A little further on I found myself traveling through traditional resort-area beach fronts. Many of the buildings were empty, but clearly only for the season, not boarded up. After a while, the beach front gave way to more farm land as I went inland across a peninsula toward Royan. I spent the night in a backyard campground in the midst of farms overlooking Royan.
The next morning I rode into Royan, took a leisurely breakfast at a cafe downtown then headed to the port just in time to see my ferry pull away. Next time I’ll be sure to check the ferry first, before breakfast. I loitered at the harbor for two hours waiting for the next ferry to take me across the bay to Pointe de Graeve.
On the south side of the bay I found myself in a very different France. Leaving Pointe de Graeve, I took the bike path that extends all the way down the coast to Bayonne. Other than occasional, mostly shuttered, touristy beach villages and the towns around the bay of Arcachon the next few days of riding were in isolation. The path runs through sandy, coastal pine forest for mile after mile. The ocean waves were often audible, but hidden by dunes and forest to my right. The forest to my left stretched out as far as I could see. I passed sandy, rutted fire roads, often with hunters’ vehicles parked at the access points. I heard the hunters’ gunshots intermittently, but seldom saw them. After being always within sight of a village or farm house the isolation was striking.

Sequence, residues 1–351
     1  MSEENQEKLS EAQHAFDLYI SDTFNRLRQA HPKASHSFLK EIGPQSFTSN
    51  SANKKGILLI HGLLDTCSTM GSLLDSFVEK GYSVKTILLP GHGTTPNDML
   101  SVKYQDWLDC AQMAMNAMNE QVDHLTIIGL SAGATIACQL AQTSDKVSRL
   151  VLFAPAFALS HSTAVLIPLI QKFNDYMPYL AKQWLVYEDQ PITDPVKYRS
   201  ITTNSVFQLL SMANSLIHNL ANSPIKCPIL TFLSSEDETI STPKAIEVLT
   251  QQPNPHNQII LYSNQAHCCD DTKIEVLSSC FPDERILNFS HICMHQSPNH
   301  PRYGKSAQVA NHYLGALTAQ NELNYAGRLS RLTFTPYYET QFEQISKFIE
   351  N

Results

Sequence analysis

I made good time on the mostly well signed path, but due to a cold rain and my two hour ferry delay, I gave up attempting to make it to my warmshowers hosts’ house in Audenge and took a hotel room in Lacanau-Ocean. This gave me plenty of time to sight-see the next day on a short ride to Audenge, where I spent more time lounging at the harbor and at a cafe waiting for my hosts to get home from work.
I finally met Phil and Fabienne at their house along with their adorable kids, Ulysse and Flore. We spent the evening talking about our various travels and they told me about the work they had done building an addition onto their home using only natural materials: straw bales, mud, limestone, and wooden support beams. Straw bale construction has always interested me, so this was great stuff.
The next morning, they headed off to work and I continued south down the coast, the route again including long stretches of quiet forest and dunes. Reaching Mimizan, I pulled into a municipal campground only to find that it was closed. It was too late to continue, so I lingered about until no one was around then hopped the fence and set up my tent for the night. I was a little nervous about camping illegally, half expecting to be disturbed by the police or kids out drinking. Indeed at midnight I was woken by what sounded like whispering, snorting, and drunken laughter. I finally stuck my head out of the tent to see what was happening and found a family of wild pigs rooting around next to me. I shone a light on them and they ran off and the rest of the night was quiet.